As for the playoffs, NO SHIT better pitching helps teams win. By the way, "FRONTLINE" starting pitching is a meaningless term. Teams can have a varying number of frontline starters depending on how good their pitching is. This year in the playoffs, the Phillies had 1 and the Yankees had 3. So, your genius argument is: "Teams that have the best starting pitching and bullpen will do well in the playoffs." Again: NO SHIT.

Great insight, pal...you should write it up and submit it to Bill James to see if he puts it in the 2010 Encyclopedia.

Pete said...

One last point on the 2007 NL playoff teams. Using Chris' own metric (defense and pitching as measured by ERA+), the Cubs' top 3 starters had ERA+ of 117, 121, and 118. Their bullpen guys, outside of Dempster (98) all had ERA+ of above 130. The Cubs were third in the league in UZR. The Cubs should be Chris' ideal playoff team. But no, they are "lousy" and would not have stood a chance against the NL's best 2007 team, the Rockies.

Of course, the Cubs couldn't even get past the D-Backs, another lousy team who started a bona fide ace (Brandon Webb) with an ERA+ of 158, along with Livan Hernandez (98), Doug Davis (112), and Micah Owings (110). No one in the Arizona bullpen had an ERA+ below 145, and three guys were above 170 (Valverde, Lyon, and Slaten). Naturally, the "lousy" D-Backs melted in the face of the mighty Rockies, whose best starter boasted a 116 ERA+, who had only one reliever with an ERA+ above 155, and whose closer posted an immortal 2.18 WHIP in the 2007 playoffs.

Yep, you're right - there was never a question when the NL playoffs started that the Rockies were the best team and would steamroll their way to the World Series.

Chris W said...

All right dude...you win. There's absolutely no way you can accept that you're wrong, so I have no reason to continue this discussion.

You're absolutely right--the 2007 Phillies, Diamondbacks, and Cubs were clearly "objectively better" than the 2007 Rockies and that proves beyond a shadow of a doubt that the results of the playoffs are just random chance and have very little to do with the quality of the teams competing.

Let's move on.

Larry B said...

The 2007 Rockies were not the best team in the league during the entire season. They were the best team in the league from about mid June onward. It's not that hard to understand. Season-long statistics will not bear out my point, because "they were the best team the whole year" was not my point in the first place. Almost every key member of the pitching staff had a better 2nd half that first half.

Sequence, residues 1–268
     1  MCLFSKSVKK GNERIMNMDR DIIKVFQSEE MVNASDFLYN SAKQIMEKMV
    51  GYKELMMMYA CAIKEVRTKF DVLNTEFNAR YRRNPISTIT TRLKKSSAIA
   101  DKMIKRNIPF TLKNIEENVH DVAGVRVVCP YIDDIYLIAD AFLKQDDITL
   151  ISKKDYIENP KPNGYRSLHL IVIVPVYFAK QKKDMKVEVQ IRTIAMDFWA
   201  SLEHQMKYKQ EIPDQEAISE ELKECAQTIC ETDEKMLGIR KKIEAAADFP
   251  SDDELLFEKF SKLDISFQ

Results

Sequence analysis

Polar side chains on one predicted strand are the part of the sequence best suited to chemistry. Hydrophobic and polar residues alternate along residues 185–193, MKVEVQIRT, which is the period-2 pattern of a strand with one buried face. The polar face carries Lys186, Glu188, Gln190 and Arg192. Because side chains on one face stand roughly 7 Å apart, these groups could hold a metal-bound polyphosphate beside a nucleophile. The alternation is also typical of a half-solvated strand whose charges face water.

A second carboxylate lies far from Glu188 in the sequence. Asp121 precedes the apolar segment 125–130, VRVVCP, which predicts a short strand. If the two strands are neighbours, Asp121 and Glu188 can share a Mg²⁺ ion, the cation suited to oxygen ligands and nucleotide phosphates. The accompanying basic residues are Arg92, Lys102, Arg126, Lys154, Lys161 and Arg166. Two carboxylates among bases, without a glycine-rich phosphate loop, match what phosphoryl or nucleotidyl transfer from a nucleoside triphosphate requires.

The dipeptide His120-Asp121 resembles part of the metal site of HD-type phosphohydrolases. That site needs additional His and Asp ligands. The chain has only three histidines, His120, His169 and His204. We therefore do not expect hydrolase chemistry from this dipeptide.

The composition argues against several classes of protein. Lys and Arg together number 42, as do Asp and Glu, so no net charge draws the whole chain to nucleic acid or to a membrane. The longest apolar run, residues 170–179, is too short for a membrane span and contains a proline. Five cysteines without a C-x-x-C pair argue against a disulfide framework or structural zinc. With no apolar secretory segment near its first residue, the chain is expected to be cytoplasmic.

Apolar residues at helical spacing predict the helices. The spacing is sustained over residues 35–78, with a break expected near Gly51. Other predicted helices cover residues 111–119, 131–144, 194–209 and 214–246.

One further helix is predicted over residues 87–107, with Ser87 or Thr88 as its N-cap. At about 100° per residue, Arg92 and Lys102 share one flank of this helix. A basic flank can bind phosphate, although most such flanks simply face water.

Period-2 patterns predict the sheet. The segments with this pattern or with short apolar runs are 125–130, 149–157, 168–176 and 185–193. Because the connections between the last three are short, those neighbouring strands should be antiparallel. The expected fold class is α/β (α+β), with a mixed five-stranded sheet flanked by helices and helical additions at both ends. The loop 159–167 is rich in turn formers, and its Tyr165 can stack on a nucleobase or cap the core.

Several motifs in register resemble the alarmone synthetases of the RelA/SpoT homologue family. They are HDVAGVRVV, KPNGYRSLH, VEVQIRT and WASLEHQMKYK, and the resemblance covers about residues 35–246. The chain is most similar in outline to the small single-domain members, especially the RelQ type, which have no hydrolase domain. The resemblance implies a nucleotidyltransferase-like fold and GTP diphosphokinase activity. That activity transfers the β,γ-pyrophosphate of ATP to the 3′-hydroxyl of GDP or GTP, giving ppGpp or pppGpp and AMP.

A couple points about game 163-

1) Holliday probably never touched the plate. However, even if he were called out, the game was still tied, there were 2 outs, and a runner on 2nd. To say that if the call was made correctly "they wouldn't have made the playoffs anyways" is fucking stupid. They were still probably 65% favorites to win the game at that point anyways.

2) Garrett Atkins hit a home run leading off the bottom of the 7th inning. The umps completely blew the call, ruled it a double (said it didn't cross the top of the fence; it did, clearly, and then bounced off a seat and back onto the field of play), and Atkins didn't score. If he does they in all likelihood win without going to extra innings. But hey, bitching about blown calls works a whole lot better when you only mention the blown calls which help prove your point, right?

Alex said...

One word:

Tolstoy.

Pete said...

Larry:
As far as season-long stats, I was just responding to chris on his own terms (ERA+), to point out that his argument was garbage. You may be right about the second half splits I'm not sure.

You are right about game 163, I had forgotten about the atkins hr. Still, that game is a microcosm of why the playoffs are basically a crapshoot. Luck plays a huge role in any short series.